Really, what I would like to know is: "What does this script tell you about how I need to improve as a programmer?" I'm somewhat new to both Python and programming, so feel free to minimize your assumptions about my knowledge.
The purpose of this script is to read a csv of names and emails addresses that are improperly organized -- sometimes there is only one name, sometimes three names (first, middle, last) are in the same cell, and sometimes the person has a title (Mr., Mrs.) with their name.
Unfortunately, I can't post pictures yet, so here's a link to an example of what a bad row might look like, and how it should look.
Right now, the code does "work". It will execute, but there's a few small issues with some of these functions -- for example, the names aren't properly distributed to columns before the file is written. I'm less interested in these smaller things right now, and would rather have a bigger picture review.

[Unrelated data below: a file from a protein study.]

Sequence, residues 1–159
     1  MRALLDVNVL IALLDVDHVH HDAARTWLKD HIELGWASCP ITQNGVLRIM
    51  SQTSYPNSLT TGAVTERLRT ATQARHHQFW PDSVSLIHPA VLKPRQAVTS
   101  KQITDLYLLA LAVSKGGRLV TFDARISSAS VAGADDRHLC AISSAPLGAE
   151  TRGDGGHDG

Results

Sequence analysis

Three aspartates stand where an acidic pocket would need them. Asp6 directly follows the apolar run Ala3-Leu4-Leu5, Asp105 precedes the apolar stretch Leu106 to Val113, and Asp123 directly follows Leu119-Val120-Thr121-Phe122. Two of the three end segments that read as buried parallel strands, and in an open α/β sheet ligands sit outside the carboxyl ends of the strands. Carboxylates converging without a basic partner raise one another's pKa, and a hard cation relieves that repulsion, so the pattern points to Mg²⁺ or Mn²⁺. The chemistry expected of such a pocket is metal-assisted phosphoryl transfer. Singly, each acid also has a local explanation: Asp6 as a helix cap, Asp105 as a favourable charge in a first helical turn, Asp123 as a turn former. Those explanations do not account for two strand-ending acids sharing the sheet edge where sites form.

I'll happily accept whatever advice you'll offer, but I'd most appreciate feedback on how I've accepted command line arguments, and the layout of the "engine" that controls the flow of operation and calls functions, and specific changes to how I've written the internals of each function -- for example, how could they be faster?
I've also posted general questions I've had along the way. If you're interested, please weigh in on those (see below code). I'm also less interested in unanticipated cases, but welcome them if you're inspired.
There's also specific in-line questions at the bottom that are referenced with [qx].